51 of 56 people found the following review helpful
When a flight is cancelled, let your imagination fly,
This review is from: Dear American Airlines: A Novel (Hardcover)
Benjamin Ford, the protagonist of this novel, is flying from New York to Los Angeles to attend his daughter Stella's wedding. But in transit, at the O'Hare airport, his connecting flight is suddenly cancelled, stranding him. He begins to worry that he will be late for the wedding. While waiting for more than eight hours at the air port - and smoking seventeen cigarettes - for the next flight, he starts writing a letter of complaint to the American Airlines, demanding a refund of $392.68, the price of the round trip airfare. This letter of complaint grows in length, and matures into a funny, witty, mesmerizing novel.
Benjamin, middle-aged, is a poet and writer; he translates Polish novels into English. While writing the letter of complaint, he ponders about his failed marriages, his misdirected and ruined life, the time he wasted drinking heavily, his estranged daughter, his bed-ridden mother and the cramped apartment he shares with her. He also dwells on Walenty Mozelewski, the protagonist of the novel "The Free State of Trieste," which he has been translating from Polish. Walenty has lost a leg to mortar shell in a war, and so he is physically crippled. Benjamin is crippled too; he is emotionally crippled, a victim mostly of self-inflicted wounds.
When someone you know begins to whine, generally you would try to get away from the whiner at the very first chance you get. But the author's whining here, in the form of a very long letter of complaint, I read as if I were glued to my seat, forgetting even to reach for my cup of coffee in the microwave. This novel is funny, witty, acerbic, and at times vitriolic, mesmerizing, hilarious, hypnotic, dazzling, sad, and in turn heart-breaking and very touching, all at once! How did Jonathan Miles accomplish this feat? Through the flight of his imagination and magic of his pen, I suppose.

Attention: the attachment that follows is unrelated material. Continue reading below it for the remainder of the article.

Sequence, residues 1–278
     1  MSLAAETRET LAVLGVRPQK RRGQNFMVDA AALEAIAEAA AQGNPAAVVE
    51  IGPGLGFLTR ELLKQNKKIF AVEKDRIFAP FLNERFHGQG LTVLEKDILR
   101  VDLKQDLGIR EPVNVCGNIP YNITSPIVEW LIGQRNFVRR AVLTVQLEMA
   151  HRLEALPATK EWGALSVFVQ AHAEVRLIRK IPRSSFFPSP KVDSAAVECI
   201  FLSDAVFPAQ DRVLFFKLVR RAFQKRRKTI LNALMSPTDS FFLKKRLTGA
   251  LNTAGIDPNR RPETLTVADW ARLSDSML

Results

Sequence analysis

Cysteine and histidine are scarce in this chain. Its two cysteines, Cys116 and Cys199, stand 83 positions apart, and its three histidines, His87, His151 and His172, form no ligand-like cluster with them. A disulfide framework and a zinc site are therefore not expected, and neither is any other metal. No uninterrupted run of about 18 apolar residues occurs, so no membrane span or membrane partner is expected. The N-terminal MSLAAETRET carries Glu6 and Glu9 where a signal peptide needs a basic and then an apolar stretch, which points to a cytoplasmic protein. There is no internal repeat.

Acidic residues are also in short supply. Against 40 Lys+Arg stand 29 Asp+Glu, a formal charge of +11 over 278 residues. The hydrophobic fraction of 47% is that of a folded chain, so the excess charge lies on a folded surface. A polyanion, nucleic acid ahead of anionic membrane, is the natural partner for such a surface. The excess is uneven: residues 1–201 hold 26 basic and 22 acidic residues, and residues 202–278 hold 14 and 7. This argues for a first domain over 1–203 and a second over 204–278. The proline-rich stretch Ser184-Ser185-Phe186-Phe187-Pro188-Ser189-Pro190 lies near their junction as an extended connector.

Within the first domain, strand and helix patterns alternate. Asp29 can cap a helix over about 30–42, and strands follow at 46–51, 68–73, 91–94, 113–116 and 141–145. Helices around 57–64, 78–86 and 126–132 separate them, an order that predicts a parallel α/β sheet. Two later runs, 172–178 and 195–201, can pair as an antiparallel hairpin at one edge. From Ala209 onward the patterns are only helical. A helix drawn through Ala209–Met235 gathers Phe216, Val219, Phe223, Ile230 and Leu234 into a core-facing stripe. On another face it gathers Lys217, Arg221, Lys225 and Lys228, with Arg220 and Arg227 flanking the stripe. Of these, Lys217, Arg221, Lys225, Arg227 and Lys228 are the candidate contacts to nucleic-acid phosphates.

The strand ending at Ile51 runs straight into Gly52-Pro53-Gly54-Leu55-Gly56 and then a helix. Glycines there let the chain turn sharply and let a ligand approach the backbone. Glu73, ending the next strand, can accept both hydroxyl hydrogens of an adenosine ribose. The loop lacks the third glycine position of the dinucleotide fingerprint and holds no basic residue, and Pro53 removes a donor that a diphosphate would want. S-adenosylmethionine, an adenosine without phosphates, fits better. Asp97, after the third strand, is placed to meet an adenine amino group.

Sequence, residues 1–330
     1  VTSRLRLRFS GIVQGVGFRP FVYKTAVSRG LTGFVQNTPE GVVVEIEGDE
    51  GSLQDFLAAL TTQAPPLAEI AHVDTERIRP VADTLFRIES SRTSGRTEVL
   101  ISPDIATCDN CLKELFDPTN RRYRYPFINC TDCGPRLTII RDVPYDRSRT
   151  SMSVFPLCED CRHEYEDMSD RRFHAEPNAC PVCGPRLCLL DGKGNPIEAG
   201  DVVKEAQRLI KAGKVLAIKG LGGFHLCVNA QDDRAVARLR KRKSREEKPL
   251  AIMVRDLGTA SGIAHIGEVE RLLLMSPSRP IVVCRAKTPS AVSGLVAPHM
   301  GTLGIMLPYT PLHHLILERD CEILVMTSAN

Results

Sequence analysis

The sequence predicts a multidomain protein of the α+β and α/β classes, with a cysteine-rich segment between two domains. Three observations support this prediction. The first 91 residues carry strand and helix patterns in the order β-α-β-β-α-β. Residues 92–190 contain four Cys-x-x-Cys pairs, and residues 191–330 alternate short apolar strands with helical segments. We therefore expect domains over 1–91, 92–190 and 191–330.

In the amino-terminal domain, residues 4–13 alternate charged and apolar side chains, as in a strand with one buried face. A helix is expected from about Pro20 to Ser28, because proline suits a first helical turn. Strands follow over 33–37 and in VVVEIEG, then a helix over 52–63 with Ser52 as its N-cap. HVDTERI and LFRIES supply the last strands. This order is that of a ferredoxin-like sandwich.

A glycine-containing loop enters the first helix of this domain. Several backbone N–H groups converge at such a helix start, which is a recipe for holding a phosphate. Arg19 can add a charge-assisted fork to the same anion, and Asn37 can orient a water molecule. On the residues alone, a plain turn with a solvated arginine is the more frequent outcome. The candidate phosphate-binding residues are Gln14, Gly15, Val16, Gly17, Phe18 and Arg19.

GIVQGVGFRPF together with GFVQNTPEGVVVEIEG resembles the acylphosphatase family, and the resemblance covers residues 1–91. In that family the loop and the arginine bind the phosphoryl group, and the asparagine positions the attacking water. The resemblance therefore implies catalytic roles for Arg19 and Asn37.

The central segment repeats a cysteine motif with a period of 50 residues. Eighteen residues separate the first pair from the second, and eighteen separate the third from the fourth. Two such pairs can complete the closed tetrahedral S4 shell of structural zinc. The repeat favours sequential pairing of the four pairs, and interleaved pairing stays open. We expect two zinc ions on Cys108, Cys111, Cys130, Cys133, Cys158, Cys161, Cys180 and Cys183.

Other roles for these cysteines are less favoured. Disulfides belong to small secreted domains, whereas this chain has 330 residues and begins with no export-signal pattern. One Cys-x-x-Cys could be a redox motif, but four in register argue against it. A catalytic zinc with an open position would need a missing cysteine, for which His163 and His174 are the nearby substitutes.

Written in lively, abrasive, masculine, snappy, and yet strangely affecting prose, this book will delight, provoke, entertain and sadden the reader:
"In that eightish-hour period I've smoked seventeen cigarettes which wouldn't be notable save for the fact that the dandy Hudson News outlets here don't stock my brand so I'll soon be forced to switch to another, and while that shouldn't upset me it does. In fact, it enrages me. Here's my life in dangly tatters and I can't even enjoy this merest of my pleasures. Several hours ago a kid in a Cubs windbreaker bummed one of mine and I swear if I spy him again I'll smash him like a Timex. Cough it up, you turd. But then all this talk of smoking is giving me the familiar itch, so if you'll excuse me for a moment I'm off to the sidewalk, as required by law, to scratch it."
It is very rare to come across a first novel as charming and impressive as this. Jonathan Miles is an astonishing writer.
Tracked by 1 customer
Sort: Oldest first | Newest first
Showing 1-4 of 4 posts in this discussion
Initial post: Jul 11, 2008 5:56:43 AM PDT
Posted on Jul 11, 2008 9:29:46 AM PDT
Last edited by the author on Jul 11, 2008 9:36:00 AM PDT
Wow! It only shows that people have different preferences and tastes. Microwave is merely a source that generates and provides heat, just as electricity and gas are also sources that provide heat. I just use freeze-dried, instant coffee in tap water and heat it in the microwave, add some milk and sugar, and stir the concoction - and my coffee is ready! I used to brew my coffee when I was a lot younger ; but now I prefer the convenience of instant coffee. And I do not like the fancy, Starbucks coffee that some people seem to like; it is just too bitter for me, and I can not drink it.
Any way, what has microwave to do with my( or any one else's) credibility? It's like saying to some one : "You lost all credibility because you like bananas!"
Posted on Mar 25, 2010 11:24:22 AM PDT
Steven Goldberg says:
Mr. Prabhu - I enjoyed your review of Dear American Airlines. I am the author of a novel that is similar to DAA in style and tone, and I think you might enjoy it. It is entitled One Last Thing to Do Before I Die (available on Amazon), and I'd be happy to send you a copy if you are interested in reading it.
Please let me know.
Steven Drew Goldberg
Posted on Dec 31, 2013 11:18:59 AM PST
Philip Dorian says:
This author-to-author "review" is a kiss-up, plain and simple. It's written and edited as if by Miles's own press agent.
‹ Previous 1 Next ›